vision 2020

Democrats Pull Trigger on a (Mostly) Virtual Convention

The Wisconsin Center, the cozier venue where Joe Biden will now deliver his acceptance speech. Photo: AFP via Getty Images

The saga of Republicans trying to accommodate their warrior-king’s desire for a packed arena of unmasked MAGA people to cheer his acceptance speech has dominated 2020 convention news lately. Now the GOP is struggling with residual contractual obligations to the original Charlotte site, where they will hold some of the more boring business of the quadrennial gathering, and an upsurge of local opposition in Jacksonville to the kind of coronavirus-encouraging conditions Trump is demanding for his big night.

Meanwhile, Democrats, who had earlier delayed their convention from July to August and changed rules to make remote voting by delegates possible, have been quietly planning a scaled-down, mostly virtual event. And now they are pulling the trigger on some key decisions, as the Milwaukee Journal Sentinel reports:

* Organizers announced that state delegations should not plan to travel to Milwaukee and should plan to conduct their official convention business remotely.

* A process is being developed to ensure all delegates can cast their votes remotely on the presidential nomination and all other convention matters, planners said.

* Milwaukee is set to anchor events every night from August 17-20, but programming will now include live broadcast and content from “other satellite cities, locations and landmarks” across the United States.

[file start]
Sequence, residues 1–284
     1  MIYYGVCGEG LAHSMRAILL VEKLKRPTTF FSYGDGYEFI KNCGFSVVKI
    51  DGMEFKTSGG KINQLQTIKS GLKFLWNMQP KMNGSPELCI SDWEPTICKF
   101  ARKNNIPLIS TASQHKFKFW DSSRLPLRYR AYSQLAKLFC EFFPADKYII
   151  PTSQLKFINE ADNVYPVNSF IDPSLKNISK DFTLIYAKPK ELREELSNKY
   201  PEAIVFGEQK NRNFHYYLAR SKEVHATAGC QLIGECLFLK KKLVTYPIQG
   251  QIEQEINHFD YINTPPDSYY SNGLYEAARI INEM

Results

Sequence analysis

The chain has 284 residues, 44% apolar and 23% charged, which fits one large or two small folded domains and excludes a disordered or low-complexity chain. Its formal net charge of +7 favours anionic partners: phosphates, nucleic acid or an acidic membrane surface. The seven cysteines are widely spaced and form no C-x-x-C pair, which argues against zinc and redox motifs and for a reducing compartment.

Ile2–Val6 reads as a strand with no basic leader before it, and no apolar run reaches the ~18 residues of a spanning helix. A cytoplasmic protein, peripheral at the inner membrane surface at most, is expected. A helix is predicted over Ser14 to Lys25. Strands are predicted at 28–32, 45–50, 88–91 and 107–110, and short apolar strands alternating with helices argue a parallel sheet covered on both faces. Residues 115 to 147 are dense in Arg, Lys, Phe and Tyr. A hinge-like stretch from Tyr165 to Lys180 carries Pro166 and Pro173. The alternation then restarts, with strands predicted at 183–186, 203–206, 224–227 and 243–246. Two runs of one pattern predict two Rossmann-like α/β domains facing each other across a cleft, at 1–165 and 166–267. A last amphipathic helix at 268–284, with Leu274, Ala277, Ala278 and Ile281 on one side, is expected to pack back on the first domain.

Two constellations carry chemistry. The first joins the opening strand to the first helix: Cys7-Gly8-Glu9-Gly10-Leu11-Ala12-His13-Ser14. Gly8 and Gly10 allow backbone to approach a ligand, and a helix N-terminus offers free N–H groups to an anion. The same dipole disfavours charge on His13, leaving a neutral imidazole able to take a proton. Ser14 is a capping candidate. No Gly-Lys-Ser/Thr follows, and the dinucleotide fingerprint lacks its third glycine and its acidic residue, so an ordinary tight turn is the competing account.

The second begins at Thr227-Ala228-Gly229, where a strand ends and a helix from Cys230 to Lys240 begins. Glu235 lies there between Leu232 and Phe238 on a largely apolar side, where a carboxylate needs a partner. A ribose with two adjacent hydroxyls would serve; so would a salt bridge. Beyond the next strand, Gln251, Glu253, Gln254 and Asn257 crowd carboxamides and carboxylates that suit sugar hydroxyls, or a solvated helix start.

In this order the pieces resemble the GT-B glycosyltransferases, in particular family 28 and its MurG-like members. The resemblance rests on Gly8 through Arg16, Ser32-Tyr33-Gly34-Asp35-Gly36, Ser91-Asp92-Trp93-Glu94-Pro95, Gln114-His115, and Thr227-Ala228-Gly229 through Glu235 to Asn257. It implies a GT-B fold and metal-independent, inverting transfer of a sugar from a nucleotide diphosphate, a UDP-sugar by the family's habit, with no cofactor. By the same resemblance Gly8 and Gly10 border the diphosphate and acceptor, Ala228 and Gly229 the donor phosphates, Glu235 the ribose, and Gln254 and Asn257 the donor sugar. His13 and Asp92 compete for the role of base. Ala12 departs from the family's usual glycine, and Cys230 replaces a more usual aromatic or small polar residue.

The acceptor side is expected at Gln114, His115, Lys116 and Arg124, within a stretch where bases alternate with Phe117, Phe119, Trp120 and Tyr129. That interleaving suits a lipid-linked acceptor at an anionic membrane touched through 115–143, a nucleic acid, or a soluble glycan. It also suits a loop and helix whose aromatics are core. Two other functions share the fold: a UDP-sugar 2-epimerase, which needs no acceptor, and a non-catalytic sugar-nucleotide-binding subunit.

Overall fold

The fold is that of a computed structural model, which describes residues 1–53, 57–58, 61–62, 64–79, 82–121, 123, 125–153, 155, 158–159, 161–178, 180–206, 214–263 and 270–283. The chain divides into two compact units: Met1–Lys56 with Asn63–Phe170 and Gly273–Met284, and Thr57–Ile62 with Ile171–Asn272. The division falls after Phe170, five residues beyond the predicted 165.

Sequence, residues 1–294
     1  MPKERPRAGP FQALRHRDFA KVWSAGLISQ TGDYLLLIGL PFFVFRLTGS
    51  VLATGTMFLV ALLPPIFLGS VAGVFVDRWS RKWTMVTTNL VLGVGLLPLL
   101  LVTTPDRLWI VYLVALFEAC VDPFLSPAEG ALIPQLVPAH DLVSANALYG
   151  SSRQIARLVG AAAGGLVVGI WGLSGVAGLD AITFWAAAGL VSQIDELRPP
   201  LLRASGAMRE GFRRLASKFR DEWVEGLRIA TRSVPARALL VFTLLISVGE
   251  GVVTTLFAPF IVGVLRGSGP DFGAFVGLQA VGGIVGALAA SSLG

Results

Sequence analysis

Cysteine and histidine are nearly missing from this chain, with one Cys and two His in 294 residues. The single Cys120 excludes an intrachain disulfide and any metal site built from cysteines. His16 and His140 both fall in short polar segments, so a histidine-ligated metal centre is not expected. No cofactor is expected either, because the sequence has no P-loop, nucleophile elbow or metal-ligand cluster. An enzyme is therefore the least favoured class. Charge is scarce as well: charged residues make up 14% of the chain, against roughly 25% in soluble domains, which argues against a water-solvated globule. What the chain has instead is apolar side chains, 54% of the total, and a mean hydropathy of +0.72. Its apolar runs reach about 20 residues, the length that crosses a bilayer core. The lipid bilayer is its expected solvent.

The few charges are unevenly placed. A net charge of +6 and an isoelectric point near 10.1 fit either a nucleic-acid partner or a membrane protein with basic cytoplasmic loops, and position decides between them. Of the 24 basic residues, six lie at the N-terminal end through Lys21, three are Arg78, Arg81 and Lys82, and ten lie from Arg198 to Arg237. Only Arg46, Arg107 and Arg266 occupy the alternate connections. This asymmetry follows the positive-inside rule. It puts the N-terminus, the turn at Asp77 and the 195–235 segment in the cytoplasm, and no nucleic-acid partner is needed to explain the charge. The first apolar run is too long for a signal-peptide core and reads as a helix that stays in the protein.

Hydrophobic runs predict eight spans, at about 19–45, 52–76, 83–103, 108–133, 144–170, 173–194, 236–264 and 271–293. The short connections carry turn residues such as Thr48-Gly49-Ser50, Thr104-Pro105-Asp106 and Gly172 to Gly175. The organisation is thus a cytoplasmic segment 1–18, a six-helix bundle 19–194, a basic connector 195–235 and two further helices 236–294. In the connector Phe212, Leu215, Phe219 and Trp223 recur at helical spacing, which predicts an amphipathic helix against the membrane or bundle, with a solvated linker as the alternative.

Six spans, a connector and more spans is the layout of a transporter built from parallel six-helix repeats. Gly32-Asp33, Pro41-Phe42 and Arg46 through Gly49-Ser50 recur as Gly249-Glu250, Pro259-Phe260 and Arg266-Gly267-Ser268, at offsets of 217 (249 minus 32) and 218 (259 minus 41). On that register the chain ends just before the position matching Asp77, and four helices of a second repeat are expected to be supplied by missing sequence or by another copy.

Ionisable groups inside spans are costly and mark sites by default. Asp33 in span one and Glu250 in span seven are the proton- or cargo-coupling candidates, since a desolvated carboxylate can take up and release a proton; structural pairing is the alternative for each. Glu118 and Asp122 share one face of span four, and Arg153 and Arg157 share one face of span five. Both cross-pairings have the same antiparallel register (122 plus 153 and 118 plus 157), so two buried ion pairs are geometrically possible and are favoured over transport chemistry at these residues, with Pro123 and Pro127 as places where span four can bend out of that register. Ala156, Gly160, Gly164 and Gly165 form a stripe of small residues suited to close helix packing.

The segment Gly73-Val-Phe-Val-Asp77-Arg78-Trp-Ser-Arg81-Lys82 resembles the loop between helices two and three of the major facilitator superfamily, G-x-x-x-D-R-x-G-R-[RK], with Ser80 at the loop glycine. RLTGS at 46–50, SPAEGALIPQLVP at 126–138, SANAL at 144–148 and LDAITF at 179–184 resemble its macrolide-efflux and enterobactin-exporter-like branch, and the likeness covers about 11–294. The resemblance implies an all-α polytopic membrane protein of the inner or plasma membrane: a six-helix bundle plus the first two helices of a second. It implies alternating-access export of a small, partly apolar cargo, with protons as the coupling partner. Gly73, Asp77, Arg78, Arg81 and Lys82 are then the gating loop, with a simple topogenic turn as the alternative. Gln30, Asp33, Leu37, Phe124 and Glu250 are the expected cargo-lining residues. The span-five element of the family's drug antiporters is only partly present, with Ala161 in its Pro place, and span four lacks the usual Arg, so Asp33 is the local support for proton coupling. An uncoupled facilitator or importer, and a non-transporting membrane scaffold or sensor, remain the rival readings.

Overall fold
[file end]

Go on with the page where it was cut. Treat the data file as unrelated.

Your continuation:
* DNC standing committee meetings, which are tentatively set for the last week of July, will also take place virtually.

The consolation prize for Milwaukee is that Joe Biden will still deliver his acceptance speech there, though it’s unclear what sort of audience will be present. The speech will be moved from the Fiserv Forum, a 17,000 seat arena, to the Wisconsin Center, a cozier exhibit, convention, and ballroom complex.

The big economic hit for Milwaukee will be the absence of delegates and alternates, and the spillover effect in terms of media, lobbyists, and Democratic party-goers who won’t be there to fill hotels and spend discretionary dollars.

But both the national party and local Democrats will at least know they are not likely putting on a convention that will go down in history for all eternity as a pandemic super-spreader event, for the benefit of their nominee’s ego.

Democrats Pull Trigger on a (Mostly) Virtual Convention